Caught in the US-China trade crossfire, Latin America must walk a fine line

Peruvian Foreign Minister Nestor Popolizio (L) is greeted by his Chinese counterpart Wang Yi at the Ministry of Foreign Affairs in Beijing, China, 28 August 2018. (How Hwee Young/Pool via REUTERS)

The US-China trade dispute has put Latin America in a bind. While the tit-for-tat feud between the world’s two largest economies has had global repercussions, Latin America finds itself torn between its long-standing, traditional North American partner and a relatively new Asian investor.

As the United States and China compete for global economic dominance, Latin America must engage China for short-term trade opportunities without jeopardizing its drive toward long-term, sustainable economic growth and diversification. It must also preserve important ties to the United States and North America, which provide the region with crucial economic, diplomatic, and security support.

The feud between the United States and China has, however, provided some short-term benefits for Latin America. Latin American exporters have stepped in to fill supply gaps caused by Chinese tariffs on US goods.

In 2016, the United States exported $14.2 billion in soybeans to China, accounting for nearly two-thirds of total US soybean exports. After China imposed a 25 percent tariff on US soybeans in July 2018, soybean exports from Brazil and Argentina to China soared. Premiums on Brazil soybeans have increased by nearly 75 percent since May as China, the largest importer of soybeans with nearly 60 percent of global demand, scrambles to sustain the world’s largest population and a growing middle class.

Latin American exporters can secure short-term profits as commodity prices rise in response to the US-China trade dispute. But too much dependence on raw materials for long-term economic growth will prove unsustainable for a region that has historically suffered from the boom-and-bust cycle of commodity prices.

Chile and Peru, the world’s largest and second-largest copper exporters, respectively, have recently been hit by price volatility as key market players grapple with uncertainty created by the trade dispute. Copper prices peaked in early June before falling in mid-August more than 20 percent to a thirteen-month low.

But even as some Latin American countries navigate potential upsides in shifting markets and global supply chains, questions loom regarding the future of its commercial relations with the United States.

Deep in the new United States-Mexico-Canada Agreement, the United States included an important clause that can have reverberations beyond North American trade. The “China clause” states that any North American country entering into trade talks with a “nonmarket economy” must provide a three-month notice to the other partners. If trade talks materialize into a formal trade agreement, the other partners have the right to expel the country from the new North American treaty. With this provision, Washington is sending a clear message to all commercial partners: us or China, but not both.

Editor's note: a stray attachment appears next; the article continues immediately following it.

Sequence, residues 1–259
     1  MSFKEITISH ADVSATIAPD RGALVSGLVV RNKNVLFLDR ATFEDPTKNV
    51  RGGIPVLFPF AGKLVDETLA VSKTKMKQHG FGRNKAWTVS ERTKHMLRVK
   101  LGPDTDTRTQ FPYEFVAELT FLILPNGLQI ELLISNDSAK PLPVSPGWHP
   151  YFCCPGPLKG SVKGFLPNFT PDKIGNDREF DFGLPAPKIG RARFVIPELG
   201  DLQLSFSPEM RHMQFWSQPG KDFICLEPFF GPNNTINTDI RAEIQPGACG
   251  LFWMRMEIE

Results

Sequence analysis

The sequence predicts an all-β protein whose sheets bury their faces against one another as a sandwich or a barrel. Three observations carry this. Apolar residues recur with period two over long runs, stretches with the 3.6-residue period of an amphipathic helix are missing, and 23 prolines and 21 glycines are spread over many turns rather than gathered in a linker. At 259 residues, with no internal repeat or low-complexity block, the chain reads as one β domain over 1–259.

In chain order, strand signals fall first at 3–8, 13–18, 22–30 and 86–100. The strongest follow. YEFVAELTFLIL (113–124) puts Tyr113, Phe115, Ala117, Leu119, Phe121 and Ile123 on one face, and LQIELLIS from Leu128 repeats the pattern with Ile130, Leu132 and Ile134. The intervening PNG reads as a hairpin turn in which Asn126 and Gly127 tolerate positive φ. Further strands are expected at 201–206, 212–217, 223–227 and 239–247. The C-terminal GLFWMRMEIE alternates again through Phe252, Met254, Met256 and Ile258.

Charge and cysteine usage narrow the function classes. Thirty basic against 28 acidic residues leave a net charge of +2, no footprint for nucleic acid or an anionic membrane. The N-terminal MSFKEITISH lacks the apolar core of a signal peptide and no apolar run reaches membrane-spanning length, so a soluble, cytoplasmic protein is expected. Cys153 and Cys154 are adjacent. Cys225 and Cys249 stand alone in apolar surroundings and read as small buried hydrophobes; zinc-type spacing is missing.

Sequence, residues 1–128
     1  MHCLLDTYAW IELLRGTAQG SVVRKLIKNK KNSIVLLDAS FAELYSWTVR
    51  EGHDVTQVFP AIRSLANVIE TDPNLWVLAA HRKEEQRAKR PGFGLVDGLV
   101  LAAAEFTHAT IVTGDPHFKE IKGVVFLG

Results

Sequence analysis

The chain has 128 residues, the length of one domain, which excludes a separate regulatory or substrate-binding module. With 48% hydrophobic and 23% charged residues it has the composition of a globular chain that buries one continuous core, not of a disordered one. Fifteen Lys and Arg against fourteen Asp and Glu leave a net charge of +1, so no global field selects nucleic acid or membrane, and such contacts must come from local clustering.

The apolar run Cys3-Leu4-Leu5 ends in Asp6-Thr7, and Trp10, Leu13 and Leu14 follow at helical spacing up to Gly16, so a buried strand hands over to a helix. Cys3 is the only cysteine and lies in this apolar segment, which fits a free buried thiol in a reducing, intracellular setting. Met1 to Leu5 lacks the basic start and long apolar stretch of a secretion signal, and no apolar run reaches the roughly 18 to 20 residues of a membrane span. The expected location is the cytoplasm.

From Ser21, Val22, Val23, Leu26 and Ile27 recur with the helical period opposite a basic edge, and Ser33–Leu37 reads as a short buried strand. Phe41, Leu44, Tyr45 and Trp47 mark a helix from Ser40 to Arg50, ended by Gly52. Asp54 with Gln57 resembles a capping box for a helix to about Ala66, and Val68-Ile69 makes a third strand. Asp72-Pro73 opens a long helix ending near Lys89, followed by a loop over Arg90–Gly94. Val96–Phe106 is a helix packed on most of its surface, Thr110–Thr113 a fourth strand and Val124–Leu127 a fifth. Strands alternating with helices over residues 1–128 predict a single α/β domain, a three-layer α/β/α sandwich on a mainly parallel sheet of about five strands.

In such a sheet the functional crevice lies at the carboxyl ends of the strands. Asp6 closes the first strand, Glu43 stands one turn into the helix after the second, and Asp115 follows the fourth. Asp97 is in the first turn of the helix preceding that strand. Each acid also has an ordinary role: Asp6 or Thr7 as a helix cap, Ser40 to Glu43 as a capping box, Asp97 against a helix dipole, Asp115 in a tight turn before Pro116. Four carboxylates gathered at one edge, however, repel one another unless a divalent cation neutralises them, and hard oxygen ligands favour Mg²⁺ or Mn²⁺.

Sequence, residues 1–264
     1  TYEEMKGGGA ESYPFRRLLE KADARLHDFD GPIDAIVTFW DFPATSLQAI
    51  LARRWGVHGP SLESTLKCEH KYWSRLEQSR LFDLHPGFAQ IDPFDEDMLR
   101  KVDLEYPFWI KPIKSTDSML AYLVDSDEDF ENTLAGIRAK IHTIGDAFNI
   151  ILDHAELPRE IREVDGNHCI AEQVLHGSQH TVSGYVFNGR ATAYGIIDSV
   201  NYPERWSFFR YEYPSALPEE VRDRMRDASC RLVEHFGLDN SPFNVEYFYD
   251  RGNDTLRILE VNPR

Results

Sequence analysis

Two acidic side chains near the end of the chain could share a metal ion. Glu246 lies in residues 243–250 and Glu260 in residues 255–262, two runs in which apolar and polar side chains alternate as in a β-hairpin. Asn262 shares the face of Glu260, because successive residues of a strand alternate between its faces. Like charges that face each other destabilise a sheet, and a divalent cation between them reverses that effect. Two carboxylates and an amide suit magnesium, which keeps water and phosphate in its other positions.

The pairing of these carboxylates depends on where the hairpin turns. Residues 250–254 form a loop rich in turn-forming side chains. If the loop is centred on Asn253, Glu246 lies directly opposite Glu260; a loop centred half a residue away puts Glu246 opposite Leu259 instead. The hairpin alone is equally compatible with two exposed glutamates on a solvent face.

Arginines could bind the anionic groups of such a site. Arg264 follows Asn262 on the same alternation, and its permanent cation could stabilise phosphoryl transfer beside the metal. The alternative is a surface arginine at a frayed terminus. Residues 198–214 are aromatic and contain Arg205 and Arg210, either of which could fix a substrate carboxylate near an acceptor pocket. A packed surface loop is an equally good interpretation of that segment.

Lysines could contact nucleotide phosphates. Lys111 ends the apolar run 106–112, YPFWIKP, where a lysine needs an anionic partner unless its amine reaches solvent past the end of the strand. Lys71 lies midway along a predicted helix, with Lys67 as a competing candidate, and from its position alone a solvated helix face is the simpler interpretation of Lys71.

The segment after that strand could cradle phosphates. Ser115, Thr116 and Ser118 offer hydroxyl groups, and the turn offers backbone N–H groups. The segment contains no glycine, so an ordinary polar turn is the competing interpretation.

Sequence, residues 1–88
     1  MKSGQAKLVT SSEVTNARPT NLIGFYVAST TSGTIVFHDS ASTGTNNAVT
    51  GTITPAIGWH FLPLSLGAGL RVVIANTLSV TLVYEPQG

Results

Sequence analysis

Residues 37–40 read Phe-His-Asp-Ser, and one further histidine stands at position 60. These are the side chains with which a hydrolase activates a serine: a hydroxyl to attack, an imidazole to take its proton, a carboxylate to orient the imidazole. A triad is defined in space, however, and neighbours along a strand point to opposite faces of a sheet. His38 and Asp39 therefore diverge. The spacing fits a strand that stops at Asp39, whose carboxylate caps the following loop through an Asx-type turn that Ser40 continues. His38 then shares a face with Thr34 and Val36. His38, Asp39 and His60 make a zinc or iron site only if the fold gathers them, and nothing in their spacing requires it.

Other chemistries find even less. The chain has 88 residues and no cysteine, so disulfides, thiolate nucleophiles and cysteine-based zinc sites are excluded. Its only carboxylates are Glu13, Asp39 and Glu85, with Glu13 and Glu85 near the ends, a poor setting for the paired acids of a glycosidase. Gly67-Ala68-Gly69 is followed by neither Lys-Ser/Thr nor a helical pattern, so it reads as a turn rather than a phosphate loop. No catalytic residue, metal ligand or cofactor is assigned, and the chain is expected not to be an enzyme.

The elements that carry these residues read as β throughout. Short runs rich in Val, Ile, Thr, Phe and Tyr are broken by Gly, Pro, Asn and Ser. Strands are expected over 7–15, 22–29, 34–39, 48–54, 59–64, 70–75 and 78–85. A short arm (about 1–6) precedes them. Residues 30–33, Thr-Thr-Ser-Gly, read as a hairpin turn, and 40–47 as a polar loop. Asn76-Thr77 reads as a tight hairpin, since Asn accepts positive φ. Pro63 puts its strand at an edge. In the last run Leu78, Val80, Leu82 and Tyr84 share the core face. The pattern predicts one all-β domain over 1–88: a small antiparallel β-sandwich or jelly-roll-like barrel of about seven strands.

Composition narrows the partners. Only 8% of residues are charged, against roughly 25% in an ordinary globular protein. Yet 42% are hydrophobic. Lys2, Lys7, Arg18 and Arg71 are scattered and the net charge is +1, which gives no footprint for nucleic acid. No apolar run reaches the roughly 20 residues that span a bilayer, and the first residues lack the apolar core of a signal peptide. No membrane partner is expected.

For Latin American nations, many of which have seen an influx of Chinese capital in the form of loans and investments, the defensive provision is a test of loyalty. Will US President Donald J. Trump attempt to include a “China clause” in existing or new trade deals? More than half of the United States’ free-trade agreements are with Latin American countries. Any attempt by Washington to counter China’s growing influence by upending these trade deals must weigh the risks of alienating key hemispheric alliances, which have yielded mutual benefits in market access, diplomatic relations, and security cooperation.

The losses for Latin America would be incalculable. Not only would the region lose access for its exports to the world’s second-largest market, but the move could potentially sever longstanding economic and diplomatic relations, and much-needed cooperation in security and development, especially for crisis-ridden nations in Central America. The result could be that Latin America turns to even deeper economic relations with China, but with less leverage to demand more transparent, democratic, and environmentally-conscious ties. A case of particular concern is Venezuela, where China has helped to sustain a financial lifeline to President Nicolás Maduro’s authoritarian government.

In this unique moment in the global economy and US-China trade relations, Latin America is at an inflection point. The path toward global competitiveness and sustainable economic growth will depend largely on the region’s ability to diversify its economy by leveraging its resources, geography, and economic ties with both the United States and China.

As it draws close to China, Latin America must seek trade and investment deals that increase its capacity to withstand shocks from global economic downturns and geopolitical pressures from growing frictions in US-China relations.

Most importantly, the region must find a balance between the two powers to secure a prosperous future for citizens across Latin America.

Domingo Sadurní García is a project assistant in the Atlantic Council’s Adrienne Arsht Latin America Center.

The Atlantic Council’s Adrienne Arsht Latin America Center focuses on the region’s strategic role in a global context. The Think Five Blog Series, launched to mark its five-year anniversary, reflects on major transformations set to redefine the trajectory of the region now and in the years ahead.